Angelo Demeter: “It’s well known that methane production in ruminants is effectively stealing between 2-15% of the potential energy contained in cattle feed. Production of methane is an unwanted byproduct of the cows’ digestive system and research has shown that when you reduce methane fermentation, there is an increase in animal productivity in terms of either weight gain or milk yield. Although more research trials are needed to determine the exact efficiency increase in numbers, the 2 latest animal trials from Australia and California measuring the effect on beef cattle show a clear increase in animal efficiency following the supplementation of the seaweed.
How does seaweed contribute to the reduction of methane?
Angelo Demeter: “When cows use less energy to produce methane, that same energy can be used to increase productivity. The species of red algae seaweed that we are focusing on, Asparagopsis taxiformis, has been shown to naturally produce high amounts of the compound bromoform, which interacts with the enzymes that produce methane in a cow’s gut. Under normal circumstances a great deal of the feed a cow eats would end up feeding unwanted methanogenic bacteria in the rumen but, when this bacteria is exposed to the seaweed’s naturally occurring bromoform compounds, it no longer uses up the hydrogen and CO2 from the feed. This extra hydrogen can then be used as a good source for the probiotic fermenting bacteria in the rumen, improving digestion and boosting efficiency. There is a very interesting study that was done in Australia where cattle fed high-quality seaweed at a very low inclusion rate reduced as much as 98% of the methane production in young calves.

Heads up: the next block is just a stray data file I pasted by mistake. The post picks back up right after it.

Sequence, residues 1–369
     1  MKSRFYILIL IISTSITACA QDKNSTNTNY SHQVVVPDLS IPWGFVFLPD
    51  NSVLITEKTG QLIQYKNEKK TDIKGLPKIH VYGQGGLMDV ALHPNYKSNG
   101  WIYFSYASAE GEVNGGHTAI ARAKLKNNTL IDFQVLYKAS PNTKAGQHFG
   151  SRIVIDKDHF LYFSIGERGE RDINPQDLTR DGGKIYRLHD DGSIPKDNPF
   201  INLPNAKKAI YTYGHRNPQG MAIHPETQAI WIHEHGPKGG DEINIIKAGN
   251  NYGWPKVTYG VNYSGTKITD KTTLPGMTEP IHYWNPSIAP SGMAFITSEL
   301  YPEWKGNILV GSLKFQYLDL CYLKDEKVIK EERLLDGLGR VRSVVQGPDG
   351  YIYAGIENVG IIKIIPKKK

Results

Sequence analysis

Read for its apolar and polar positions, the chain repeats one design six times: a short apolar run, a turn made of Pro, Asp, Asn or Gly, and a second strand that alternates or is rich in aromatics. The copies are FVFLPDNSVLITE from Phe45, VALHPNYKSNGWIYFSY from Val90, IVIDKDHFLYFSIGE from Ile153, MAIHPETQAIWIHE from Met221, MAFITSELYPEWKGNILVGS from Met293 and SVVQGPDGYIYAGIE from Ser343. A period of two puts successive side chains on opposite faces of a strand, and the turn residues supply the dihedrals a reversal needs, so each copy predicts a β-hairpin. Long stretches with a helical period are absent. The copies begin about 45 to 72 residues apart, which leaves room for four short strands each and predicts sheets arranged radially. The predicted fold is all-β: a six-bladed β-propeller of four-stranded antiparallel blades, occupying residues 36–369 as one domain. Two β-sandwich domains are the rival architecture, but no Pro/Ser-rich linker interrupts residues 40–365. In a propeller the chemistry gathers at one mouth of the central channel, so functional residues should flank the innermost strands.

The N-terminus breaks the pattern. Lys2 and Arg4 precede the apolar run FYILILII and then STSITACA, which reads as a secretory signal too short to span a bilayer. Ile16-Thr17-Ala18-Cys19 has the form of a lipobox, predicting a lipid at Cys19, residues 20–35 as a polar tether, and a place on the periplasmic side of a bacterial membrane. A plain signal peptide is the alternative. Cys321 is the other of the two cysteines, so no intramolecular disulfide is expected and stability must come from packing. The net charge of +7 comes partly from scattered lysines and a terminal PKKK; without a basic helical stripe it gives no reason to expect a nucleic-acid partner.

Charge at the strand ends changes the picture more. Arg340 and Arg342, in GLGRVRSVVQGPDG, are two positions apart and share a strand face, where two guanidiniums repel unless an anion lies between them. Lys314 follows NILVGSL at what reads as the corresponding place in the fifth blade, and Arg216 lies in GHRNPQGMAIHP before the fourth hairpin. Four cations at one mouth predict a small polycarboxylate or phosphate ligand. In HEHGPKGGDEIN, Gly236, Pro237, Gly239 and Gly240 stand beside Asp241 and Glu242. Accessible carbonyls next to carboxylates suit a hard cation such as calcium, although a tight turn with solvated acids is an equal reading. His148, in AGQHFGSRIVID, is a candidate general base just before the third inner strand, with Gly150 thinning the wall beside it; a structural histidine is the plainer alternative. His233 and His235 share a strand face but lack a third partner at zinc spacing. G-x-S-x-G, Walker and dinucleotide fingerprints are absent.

There’s an overall trend that consumers, especially in the Nordic markets, are becoming more and more willing to pay a premium for sustainable products.”
Will the increased animal efficiency offset the high cost of the seaweed?